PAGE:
Topics for the Week
- Sweet Corn
- Cole Crops
- Pepper Weevil Report
European Corn Borer (ECB) adult catches have generally decreased throughout the state, with more concentrated activity around the Burlington-Mercer County border (see ECB map). Nighttime temperatures were cool for much of the previous week, and this may have contributed to lower numbers. With somewhat warmer nights, ECB activity may increase temporarily. Larval infestations in sweet corn have been detected on whorl stage corn in central and southern counties, although none have exceeded the 12% threshold as of this writing.
Consider treating if 12% or more plants exhibit the characteristic “shot-hole” type feeding on leaves. It is not too early to consider ECB management tactics on later stage sweet corn. Remember to make a full-tassel application to control ECB larvae as they leave the tassel and travel down the stalk to re-enter the plant near the ear shank. This last application is often critical to controlling ear infestations from ECB. Often, early sweet corn plantings suffer from “split set”, in which germination does not occur in a uniform fashion. The result is a planting where all plants do not reach full tassel at the same time. This situation may require an extra tassel spray if there are several days difference in the time full tassel is reached on a significant number of the plants.
|The highest nightly ECB catches for the previous week are as follows:|
No Corn Earworm Moth (CEW) were captured in blacklights this past week. Several individuals were captured in pheromone traps along the Gloucester-Salem County border and in the Vineland area. This population is currently too low to register a map image. However, as the first sweet corn plantings come into silk in southwestern NJ, these moths will pose a threat, and can result in moderate ear infestation rates if not properly controlled. As silks begin to appear, pay close attention to CEW catches in local blacklight traps, and treat silking plantings accordingly. For the present, growers in southwestern NJ whose early plantings begin to silk, should consider treating at 5-6 day intervals unless CEW catches increase.
|The highest nightly CEW pheromone trap catches are as follows:|
|Beckett||1||East Vineland||1||Indian Mills||1|
Silking Spray Schedules*:
South – 5-6 days
*Note: These are general recommendations. Local trap catches may indicate some variation in the frequency of insecticide applications to silking corn.
Heavy egg laying by Imported Cabbage Butterflies (ICW) and Diamondback Moth (DBM) continues. Infestations of these pests have been found throughout the state. Scout plantings weekly. Check 5 consecutive plants each in 10 random locations throughout the planting, paying particular attention to the innermost leaves where ICW often feed. Consider treating if caterpillars are found on 10% or more plants that are in the 0-9 true leaf stage. From 9-leaf to the early head stage (in broccoli, cauliflower and cabbage) infestations up to 20% may be tolerated. Once heads begin to form, a 5% threshold should be observed to protect the marketable portion of the plant. For leafy greens such as collards and kale, 10% plants infested is the threshold throughout. It is important to distinguish between DBM and ICW because in many cases, DBM are resistant to synthetic pyrethroid insecticides. If DBM is the dominant pest, or makes up more than a few percent of the overall infestation, consider using one of the newer chemistries. These include spinetoram (Radiant), chlorantraniprole (Coragen), and flubendiamide (Synapse/Belt). The latter two materials have the added benefit of not harming bees or predatory/parasitic insects.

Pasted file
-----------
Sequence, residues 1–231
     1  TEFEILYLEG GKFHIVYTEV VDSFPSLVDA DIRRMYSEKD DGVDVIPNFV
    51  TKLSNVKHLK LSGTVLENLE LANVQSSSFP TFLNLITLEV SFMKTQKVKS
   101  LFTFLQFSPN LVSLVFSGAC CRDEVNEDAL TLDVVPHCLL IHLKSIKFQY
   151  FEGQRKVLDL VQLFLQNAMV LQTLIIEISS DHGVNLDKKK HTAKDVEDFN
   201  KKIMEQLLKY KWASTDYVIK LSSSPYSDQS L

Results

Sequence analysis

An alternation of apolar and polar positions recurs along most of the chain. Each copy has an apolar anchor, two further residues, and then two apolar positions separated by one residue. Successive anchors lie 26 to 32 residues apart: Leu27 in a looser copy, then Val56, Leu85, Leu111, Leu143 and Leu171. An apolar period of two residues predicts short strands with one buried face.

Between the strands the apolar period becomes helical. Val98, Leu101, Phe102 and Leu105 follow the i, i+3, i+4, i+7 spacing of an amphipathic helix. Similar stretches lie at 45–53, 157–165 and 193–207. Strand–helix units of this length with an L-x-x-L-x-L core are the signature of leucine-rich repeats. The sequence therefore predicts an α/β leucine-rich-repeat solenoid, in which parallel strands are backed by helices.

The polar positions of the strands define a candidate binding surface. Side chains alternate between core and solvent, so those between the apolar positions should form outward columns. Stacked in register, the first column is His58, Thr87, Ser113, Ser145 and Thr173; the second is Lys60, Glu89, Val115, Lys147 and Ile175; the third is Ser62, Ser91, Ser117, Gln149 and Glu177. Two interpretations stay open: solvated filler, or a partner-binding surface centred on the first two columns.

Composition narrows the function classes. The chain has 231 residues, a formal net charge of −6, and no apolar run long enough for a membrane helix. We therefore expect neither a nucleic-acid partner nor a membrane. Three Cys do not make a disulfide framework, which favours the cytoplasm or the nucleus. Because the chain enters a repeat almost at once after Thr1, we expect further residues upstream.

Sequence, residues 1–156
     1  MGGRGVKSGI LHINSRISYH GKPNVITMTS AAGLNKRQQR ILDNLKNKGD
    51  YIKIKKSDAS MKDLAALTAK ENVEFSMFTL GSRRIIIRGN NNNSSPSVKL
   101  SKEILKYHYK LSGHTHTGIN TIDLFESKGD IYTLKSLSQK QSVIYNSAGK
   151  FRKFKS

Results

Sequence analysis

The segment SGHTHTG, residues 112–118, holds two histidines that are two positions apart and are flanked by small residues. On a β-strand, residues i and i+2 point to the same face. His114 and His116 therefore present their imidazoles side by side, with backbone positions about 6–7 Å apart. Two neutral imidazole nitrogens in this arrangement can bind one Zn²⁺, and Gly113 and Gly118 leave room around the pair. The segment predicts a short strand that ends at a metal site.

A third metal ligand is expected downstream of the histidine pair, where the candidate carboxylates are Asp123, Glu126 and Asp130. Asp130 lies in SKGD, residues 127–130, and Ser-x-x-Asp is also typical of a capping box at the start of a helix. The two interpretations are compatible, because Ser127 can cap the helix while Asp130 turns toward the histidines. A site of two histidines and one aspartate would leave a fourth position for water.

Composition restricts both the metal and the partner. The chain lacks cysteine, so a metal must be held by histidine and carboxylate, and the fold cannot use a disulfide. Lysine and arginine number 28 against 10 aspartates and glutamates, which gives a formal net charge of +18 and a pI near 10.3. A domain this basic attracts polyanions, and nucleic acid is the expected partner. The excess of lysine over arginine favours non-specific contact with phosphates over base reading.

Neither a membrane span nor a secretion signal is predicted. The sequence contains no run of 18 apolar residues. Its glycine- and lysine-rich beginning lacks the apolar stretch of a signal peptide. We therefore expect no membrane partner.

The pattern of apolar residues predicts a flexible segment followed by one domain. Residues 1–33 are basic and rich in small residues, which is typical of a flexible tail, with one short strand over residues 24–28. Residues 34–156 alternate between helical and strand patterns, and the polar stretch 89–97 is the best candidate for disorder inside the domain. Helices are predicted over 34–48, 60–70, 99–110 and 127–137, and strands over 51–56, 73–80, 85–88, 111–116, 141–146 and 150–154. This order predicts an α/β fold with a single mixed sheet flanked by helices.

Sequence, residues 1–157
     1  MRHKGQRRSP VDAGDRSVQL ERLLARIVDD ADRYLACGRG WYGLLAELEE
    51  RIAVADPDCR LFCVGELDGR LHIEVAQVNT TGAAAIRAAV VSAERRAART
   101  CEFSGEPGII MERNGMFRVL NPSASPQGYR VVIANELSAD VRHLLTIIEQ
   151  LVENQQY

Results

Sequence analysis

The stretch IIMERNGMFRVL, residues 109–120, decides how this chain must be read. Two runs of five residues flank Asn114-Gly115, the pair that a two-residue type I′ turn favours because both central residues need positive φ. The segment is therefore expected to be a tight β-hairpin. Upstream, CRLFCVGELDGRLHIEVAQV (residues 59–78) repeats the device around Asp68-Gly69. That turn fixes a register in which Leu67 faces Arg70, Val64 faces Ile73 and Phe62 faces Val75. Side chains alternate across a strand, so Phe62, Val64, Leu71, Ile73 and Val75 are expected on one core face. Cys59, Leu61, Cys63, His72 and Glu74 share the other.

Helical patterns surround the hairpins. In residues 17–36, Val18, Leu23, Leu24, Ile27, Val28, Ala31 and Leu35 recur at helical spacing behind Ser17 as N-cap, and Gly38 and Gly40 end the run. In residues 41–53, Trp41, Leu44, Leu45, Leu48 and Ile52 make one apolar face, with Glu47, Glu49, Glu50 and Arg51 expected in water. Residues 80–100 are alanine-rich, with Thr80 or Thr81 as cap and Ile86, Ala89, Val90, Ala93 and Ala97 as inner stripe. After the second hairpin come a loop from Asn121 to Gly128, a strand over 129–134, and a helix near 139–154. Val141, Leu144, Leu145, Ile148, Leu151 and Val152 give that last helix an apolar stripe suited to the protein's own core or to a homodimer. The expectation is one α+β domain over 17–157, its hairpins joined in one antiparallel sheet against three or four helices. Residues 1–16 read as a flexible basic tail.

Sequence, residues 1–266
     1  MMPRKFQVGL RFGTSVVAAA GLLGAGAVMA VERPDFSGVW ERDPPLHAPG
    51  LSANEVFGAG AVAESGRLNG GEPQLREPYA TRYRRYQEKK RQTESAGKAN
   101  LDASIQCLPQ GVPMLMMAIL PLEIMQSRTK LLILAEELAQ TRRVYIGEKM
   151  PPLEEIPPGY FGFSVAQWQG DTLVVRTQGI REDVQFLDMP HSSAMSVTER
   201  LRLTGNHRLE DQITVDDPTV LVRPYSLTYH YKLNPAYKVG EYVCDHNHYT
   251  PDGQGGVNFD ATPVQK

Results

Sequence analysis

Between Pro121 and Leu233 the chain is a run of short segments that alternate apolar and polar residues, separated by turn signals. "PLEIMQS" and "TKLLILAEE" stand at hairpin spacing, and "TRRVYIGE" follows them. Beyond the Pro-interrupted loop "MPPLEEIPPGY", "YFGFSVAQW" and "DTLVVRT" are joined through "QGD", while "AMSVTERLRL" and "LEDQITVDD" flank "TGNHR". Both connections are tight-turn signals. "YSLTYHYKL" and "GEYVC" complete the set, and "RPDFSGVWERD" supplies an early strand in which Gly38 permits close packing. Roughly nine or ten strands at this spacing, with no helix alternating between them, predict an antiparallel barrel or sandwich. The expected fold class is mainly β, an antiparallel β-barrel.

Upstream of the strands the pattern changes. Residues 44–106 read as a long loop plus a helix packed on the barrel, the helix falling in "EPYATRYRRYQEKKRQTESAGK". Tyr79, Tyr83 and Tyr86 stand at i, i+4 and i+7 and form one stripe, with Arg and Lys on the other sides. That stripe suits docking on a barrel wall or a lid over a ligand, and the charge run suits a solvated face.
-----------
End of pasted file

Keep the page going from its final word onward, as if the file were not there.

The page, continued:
Crucifer flea beetle is active on many plantings, particularly when conditions are warm. When scouting cole crops for caterpillar pests, check for the presence of flea beetles. Consider treating if flea beetles are present on 50% or more plants, and feeding injury is evident on the plants. Be sure to monitor newly emerged or transplanted fields for the presence of this pest. In general, plants like arugula and mustard (those with a “hotter” flavor) are more favorable to flea beetles.
Pepper transplants are now in fields. At the same time, the first ECB flight is still active. Be sure to scout fields regularly for the presence of ECB egg masses. If two or more egg masses are found in a 50 plant (two leaves/plant) sample, consider treating even if no fruit are present. In the absence of fruit, ECB larvae will bore into the central stem, topping the plant. This will result in the loss of crown fruit on infested plants. Generally, where blacklight trap catches average one or more ECB per night (blue and green areas on the ECB map) and fruit are greater than ½” in diameter, insecticides are warranted. See the 2014 Commercial Vegetable Production Recommendations for materials useful in controlling ECB.